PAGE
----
Sula

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Ralph / Plum Peace Character Analysis

The youngest and seemingly best loved of Eva Peace’s three children, Plum Peace goes off to fight in World War I, and, like Shadrack, comes back a broken man. He spends a year traveling through the biggest American cities, and, it’s implied, develops a heroin habit in the process. Eva Peace, overcome with grief at her favorite child’s pain and misery, decides to “mercifully” kill Plum by burning him alive—one of the central events of the novel.

Ralph / Plum Peace Quotes in Sula

The Sula quotes below are all either spoken by Ralph / Plum Peace or refer to Ralph / Plum Peace . For each quote, you can also see the other characters and themes related to it (each theme is indicated by its own dot and icon, like this one:
Race and Racism Theme Icon
). Note: all page and citation info for the quotes below refers to the Vintage International edition of Sula published in 2004.
1921 Quotes

He opened his eyes and saw what he imagined was the great wing of an eagle pouring a wet lightness over him. Some kind of baptism, some kind of blessing, he thought. Everything is going to be all right, it said. Knowing that it was so he closed his eyes and sank back into the bright hole of sleep. Eva stepped back from the bed and let the crutches rest under her arms. She rolled a bit of newspaper into a tight stick about six inches long, lit it and threw it onto the bed where the kerosene-soaked Plum lay in snug delight. Quickly, as the whoosh of flames engulfed him, she shut the door and made her slow and painful journey back to the top of the house.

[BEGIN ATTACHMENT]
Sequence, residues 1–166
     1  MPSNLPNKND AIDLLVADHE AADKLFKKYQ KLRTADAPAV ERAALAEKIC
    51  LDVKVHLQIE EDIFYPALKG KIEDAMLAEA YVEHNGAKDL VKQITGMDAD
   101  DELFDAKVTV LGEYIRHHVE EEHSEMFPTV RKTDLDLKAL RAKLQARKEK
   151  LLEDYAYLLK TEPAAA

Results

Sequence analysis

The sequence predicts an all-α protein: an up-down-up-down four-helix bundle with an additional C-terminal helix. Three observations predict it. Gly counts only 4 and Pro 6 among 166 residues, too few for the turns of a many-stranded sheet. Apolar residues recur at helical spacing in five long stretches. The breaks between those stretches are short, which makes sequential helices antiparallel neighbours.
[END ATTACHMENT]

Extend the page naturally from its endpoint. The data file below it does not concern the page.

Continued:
Related Characters: Eva Peace , Ralph / Plum Peace
Related Symbols: Fire
Page Number: 47
Explanation and Analysis:

In this passage, Ralph “Plum” Peace, the child of Eva Peace, dies. Plum was Eva Peace’s favorite son, and a bright, happy child. But after fighting in the American military, Plum becomes a shadow of his former self—he develops an addiction to heroine, and when he returns to Eva’s house, he spends all his time alone in his room, quiet and depressed. Eva makes the agonizing decision to mercy-kill her beloved child, dousing him with kerosene and then lighting him on fire. Notice the way that Morrison conveys the pain and devastation of the scene. When Morrison describes Eva’s “long, painful” journey back to her room, we’re ironically reminded of Plum’s painful death, and of Eva’s agonizing decision to kill someone she loves—a decision that will haunt her for the rest of her life. Also notice that Morrison describes Plum’s death in language that suggests birth, not death—his death is a “Baptism,” whereby Plum is born again and freed from the pain and trauma of his life. So even as Morrison conveys the pain of the scene, she also suggests that Eva’s decision to kill Plum is (mostly) merciful, not cruel.